- 1 What You Need to Know About Raising Sheep
- 2 Why You Need To Raise Sheep
Raising sheep is a beautiful, wonderful thing, but it requires a little more attention than chickens. So if you’re thinking about raising sheep, read on to check out some things you should know before you buy.
I was a shepherd for Halloween when I was 6… I can show you the picture if you want! Who’s to know that I would be one in real life 20 some odd years later? Sheep were always part of the plan here at Sage & Shepherd Ranch – it’s why we have the word ‘shepherd’ in our farm name (and because of our German Shepherd, Levi).
My husband is a natural shepherd, and I am a natural shepherdess. We love these raising sheep! They are so beautiful, docile, sweet-hearted, and friendly (if you take the time to get to know them). But they are much more complicated than a chicken, duck, or turkey. They require much more attentive care, different types of grass, different types of minerals, salts, dewormers, etc. So let’s get into it!
What You Need to Know About Raising Sheep
They Go Through Grass Fast!
Sheep are herbivores, which means they only eat plants… which really means they need to have access to a plentiful and proper pasture. We have 3 ewes and 4 rams. We have them separated at the moment. But we move them, in electric fencing, on average every 4 days. Which means we have enough pasture for 7 sheep to eat for the whole summer, without going back to a pasture they’ve been on before. We allow 30 days for a pasture to regrow, reestablish, and rid of parasites.
They Get Worms & Parasites Easily
People always joke that sheep are just trying to die since they die so easily. But with proper maintenance, daily checks, and abundant pasture they should be fine! However, they will need to be wormed often. So there are 2 options – commercial and natural. If you’re going the commercial rate there are many dewormers you can buy in the form of a drench, which you administer through the mouth. If you are going the natural route, there are also many options. I’ve heard of people using molasses and garlic, diatomaceous earth, premade products, etc. We have decided to use the natural approach and use Molly Herbals. This dewormer is a powder and is given as a maintenance thing each week. We also use a mineral lick to prevent parasites – see below.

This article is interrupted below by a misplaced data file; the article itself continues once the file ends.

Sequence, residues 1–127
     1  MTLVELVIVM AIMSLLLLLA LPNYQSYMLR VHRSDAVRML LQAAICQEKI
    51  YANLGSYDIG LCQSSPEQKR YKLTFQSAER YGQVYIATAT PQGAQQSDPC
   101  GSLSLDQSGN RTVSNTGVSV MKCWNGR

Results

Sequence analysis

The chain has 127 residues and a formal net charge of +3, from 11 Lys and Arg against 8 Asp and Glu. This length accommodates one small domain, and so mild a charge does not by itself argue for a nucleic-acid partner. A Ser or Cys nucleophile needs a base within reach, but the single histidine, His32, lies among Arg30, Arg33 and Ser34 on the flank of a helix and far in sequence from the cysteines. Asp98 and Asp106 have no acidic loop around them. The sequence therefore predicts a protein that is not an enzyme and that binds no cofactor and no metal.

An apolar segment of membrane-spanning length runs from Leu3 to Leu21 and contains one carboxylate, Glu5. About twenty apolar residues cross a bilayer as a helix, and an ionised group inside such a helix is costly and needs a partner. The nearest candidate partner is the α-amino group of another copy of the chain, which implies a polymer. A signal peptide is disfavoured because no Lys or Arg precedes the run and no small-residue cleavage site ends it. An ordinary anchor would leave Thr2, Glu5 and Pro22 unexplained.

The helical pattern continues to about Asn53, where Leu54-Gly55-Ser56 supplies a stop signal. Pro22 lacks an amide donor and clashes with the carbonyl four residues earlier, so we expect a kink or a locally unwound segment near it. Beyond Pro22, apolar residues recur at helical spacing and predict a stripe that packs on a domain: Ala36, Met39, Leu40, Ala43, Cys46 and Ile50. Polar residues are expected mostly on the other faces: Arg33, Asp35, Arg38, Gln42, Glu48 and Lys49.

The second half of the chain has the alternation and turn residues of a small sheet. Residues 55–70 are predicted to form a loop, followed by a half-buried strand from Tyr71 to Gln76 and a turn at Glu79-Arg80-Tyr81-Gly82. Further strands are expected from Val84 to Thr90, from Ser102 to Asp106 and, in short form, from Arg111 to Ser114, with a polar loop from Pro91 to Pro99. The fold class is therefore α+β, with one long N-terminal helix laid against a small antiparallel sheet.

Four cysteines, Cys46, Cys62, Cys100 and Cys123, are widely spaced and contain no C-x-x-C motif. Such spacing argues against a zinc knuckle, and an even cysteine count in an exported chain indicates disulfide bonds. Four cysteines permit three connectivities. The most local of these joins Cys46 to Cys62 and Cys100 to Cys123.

A tip for checking to see how healthy your sheep are worm/parasite wise is to look under their eyelids. If it’s nice and red/pink then they’re super healthy, but if it’s white, then you have something to worry about!! This is called the Famacha Guide. Google it!
They Need Supplements
For chickens, it’s pretty simple, some feed, some grass, water and shelter and they’re good to go. Well raising sheep is a little different. They require certain types of grass, not too much clover, but not too little, no poisonous plants, monitoring, and many supplements and minerals. Your sheep should have access to: a salt lick with cobalt and iodine, selenium, copper (but not too much because it can be poisonous), iron, dolomitic limestone, yellow dusting sulfur, seaweed meal, etc. It’s a good idea to get a professional soil test done to see what you need more of, and to start reading this book.
Why You Need To Raise Sheep
If You Have a Lot of Grass They’re Practically Free
That’s true. If you have extensive pasture, raising sheep is relatively inexpensive because you don’t have to buy hay for the spring and summer. Only for the winter.
Amazing Taste & Quality Meat
Grass-fed lamb is in a league of its own. The taste is lovely and a little less gamey. And you know you’re getting the finest quality since they are being raised organically and on pasture.
With one lamb in the freezer, you will have many, many meals. It’s a perfect way to save money and stock up on food.
They’ll Mow Your Grass
Yes, we’ve all heard this debate. But it’s true – they’ll eat your grass right down getting rid of the need for a mower. How great is that? Just watch out for those dark pebbles…
You Can Get Dairy
This is an exciting one for me. I want to milk my girls, for sheep milk and to make cheese with! But again, once you have your ewe, the milk and all the beautiful products made from milk are practically free.
Things to Consider Before Raising Sheep
– Get A Soil Test
– Research what type of breed is best for your climate, land, and needs
– See if you have enough land for the amount of sheep you want to get
– Check for poisonous plants
– Make sure you have a livestock trailer or a friend with one to go pick up your new sheep
– Get your sheep from a reputable source
– Get Everything Ready! Check out this guide I put together for getting started with sheep! You can download above!!
Let me know if you have questions in the comments! Talk soon,